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News: December 11, 2009

Fewer dollars for smoking prevention

December 11, 2009

Even as states pull in billions of dollars in tobacco settlement money - part of which is typically used to fund anti-smoking programs - they're slashing the amount they spend on such programs by 15%.
Altogether, states will spend $567.5 million on anti-smoking efforts in the 2010 fiscal year, says a report released by five groups including the Robert Wood Johnson Foundation and the Cancer Action Network. That’s less than a fifth of the nearly $3.7 billion recommended by the U.S. Centers for Disease Control and Prevention. And although $3.7 billion might sound like a lot, the states will receive more than $25 billion in tobacco funds.
Meanwhile, the CDC says the smoking rate hasn't changed much in the last few years - in 2008, 20.8% of adults were smokers, slightly higher than 2007's 19.7%. There may be a connection between the slowing of the smoking decline and the drop in prevention funding. Consider last year's report on cancer incidences and death rates, a collaboration spearheaded by the National Cancer Institute, which linked California's smoking controls and its declining smoking rate.
Here’s a multimedia tutorial about smoking and its effects, thanks to the National Institutes of Health. We don't want all this progress to go up in smoke now, do we?


Archive issues: (50)

Archive list: 1 2 3 4 5 6 [7] 8 9 10 11 12 13 14 15 16 17

November 26, 2009 | Baby's Crying Patterns Mimic Parents' Accent

A baby's cry isn't just a method for getting mom's attention for food or comfort. It is also an important beginning to the development of language.  It is known that fetus can hear outside sounds from the ...

November 25, 2009 | Green Tea Extract Helps Prevent Oral Cancer

A leading cancer center reports that green tea extract may be helpful in preventing oral cancer in patients who have a pre-malignant condition called oral leukoplakia. The five-year survival rate among oral cancer patients is less than 50 percent.  Green tea ...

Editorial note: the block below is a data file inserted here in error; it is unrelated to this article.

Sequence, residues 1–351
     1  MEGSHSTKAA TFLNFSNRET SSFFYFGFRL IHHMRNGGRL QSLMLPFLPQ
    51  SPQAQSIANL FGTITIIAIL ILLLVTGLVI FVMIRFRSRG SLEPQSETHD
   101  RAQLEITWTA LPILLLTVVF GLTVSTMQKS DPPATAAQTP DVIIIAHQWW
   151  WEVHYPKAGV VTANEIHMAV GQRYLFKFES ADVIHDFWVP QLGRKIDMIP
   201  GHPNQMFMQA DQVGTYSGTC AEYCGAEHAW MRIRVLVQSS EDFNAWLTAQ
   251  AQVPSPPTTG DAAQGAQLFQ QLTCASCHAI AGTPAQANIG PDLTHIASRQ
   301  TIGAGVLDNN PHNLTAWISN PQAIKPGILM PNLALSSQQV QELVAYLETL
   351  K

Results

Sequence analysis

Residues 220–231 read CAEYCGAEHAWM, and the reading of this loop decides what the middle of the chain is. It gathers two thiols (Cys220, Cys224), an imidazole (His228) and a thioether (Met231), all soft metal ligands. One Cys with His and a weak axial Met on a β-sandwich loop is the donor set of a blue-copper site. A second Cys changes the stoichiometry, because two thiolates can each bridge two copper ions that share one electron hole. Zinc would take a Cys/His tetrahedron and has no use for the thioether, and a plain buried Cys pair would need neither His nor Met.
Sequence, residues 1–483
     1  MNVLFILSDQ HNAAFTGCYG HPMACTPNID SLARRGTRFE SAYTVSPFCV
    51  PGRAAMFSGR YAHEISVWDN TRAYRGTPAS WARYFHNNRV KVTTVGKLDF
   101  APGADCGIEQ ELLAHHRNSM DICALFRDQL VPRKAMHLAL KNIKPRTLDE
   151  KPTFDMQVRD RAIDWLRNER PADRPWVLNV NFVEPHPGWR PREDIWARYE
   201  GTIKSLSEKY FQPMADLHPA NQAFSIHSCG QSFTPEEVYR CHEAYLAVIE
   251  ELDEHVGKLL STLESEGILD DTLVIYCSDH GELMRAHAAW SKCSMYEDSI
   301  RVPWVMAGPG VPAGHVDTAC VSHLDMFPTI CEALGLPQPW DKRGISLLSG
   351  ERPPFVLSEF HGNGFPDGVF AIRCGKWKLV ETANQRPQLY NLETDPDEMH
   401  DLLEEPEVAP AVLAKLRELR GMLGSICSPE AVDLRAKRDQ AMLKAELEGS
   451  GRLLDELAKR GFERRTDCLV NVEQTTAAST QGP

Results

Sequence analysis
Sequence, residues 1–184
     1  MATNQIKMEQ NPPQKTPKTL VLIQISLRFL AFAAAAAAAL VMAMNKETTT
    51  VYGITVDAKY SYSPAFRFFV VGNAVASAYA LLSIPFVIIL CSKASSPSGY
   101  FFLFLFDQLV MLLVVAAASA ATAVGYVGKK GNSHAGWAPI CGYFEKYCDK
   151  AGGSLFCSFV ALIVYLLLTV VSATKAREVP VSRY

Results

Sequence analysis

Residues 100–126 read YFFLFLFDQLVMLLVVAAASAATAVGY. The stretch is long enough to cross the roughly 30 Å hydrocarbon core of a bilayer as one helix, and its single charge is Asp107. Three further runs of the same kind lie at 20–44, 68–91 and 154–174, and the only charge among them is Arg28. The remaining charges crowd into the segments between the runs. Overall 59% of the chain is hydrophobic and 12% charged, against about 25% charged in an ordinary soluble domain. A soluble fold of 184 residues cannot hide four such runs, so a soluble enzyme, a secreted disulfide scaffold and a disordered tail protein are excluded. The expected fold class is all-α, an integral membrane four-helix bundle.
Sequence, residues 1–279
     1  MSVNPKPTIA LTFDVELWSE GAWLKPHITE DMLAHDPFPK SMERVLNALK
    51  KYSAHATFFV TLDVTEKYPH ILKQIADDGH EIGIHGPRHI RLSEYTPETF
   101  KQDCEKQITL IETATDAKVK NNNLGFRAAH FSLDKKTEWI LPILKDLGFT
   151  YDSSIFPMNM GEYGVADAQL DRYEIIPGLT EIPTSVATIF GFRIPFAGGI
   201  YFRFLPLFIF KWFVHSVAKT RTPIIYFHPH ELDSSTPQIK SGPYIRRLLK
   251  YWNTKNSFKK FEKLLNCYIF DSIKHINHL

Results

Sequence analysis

November 24, 2009 | Aggressive Tooth Brushing The 1st Cause Of Tooth Pain

One in three dentists say that aggressive toothbrushing is the most common cause of sensitive teeth, according to a nationwide member survey conducted by the Academy of General Dentistry (AGD). Acidic food and beverage consumption was found to be the number two cause.  Sensitive teeth, or dentin hypersensitivity, is a common oral condition ...

Archive list: 1 2 3 4 5 6 [7] 8 9 10 11 12 13 14 15 16 17

Related articles:

Independence and invulnerability - coping strategies

  Standards of masculinity can not only create stress in themselves for some men, they can also limit these men's abilities to relieve stress. Men and women have different ways that they appraise stressful situations and cope with them. Some men appraise situations using the schema of what is an acceptable masculine response ...

Section: Mens health risks

Chronic prostatitis/chronic pelvic pain syndrome - pharmacological treatment

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Section: Prostatitis

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  Treatment depends on the cause. Testosterone supplements may be used for cases due to hormonal deficiency. However, the cause is more usually lack of adequate penile blood supply as a result of damage to inner walls of blood vessels. This damage is more frequent in older men, and often associated with disease, in particular ...

Section: Erectile Dysfunction

News

December 20, 2009

Wii, Xbox 360 and Other Video Games Offer Some Benefits

Wii, Xbox 360, PlayStation, and other video games are hot on holiday gift lists, but some parents wonder whether these games offer any benefits or are detrimental to kids. The results of a new study may put some minds at ease, while others may not.  According ...

December 18, 2009

Should You Be Shoveling Snow?

Yes, the weather outside is frightful, and soon you will have to think about shoveling snow. But should you be the one doing the work? Who should and should not shovel snow, and how can you do it safely?  Every winter, approximately 1,200 ...

December 17, 2009

Athletes who take NSAID's to prevent pain may be doing more harm than good

According to Stuart Warden, a researcher who studies musculoskeletal health and sports medicine, athletes who ritualistically take NSAID's to prevent post event and workout soreness and inflammation may be depriving the body of healing, in addition to risking other long term health ...

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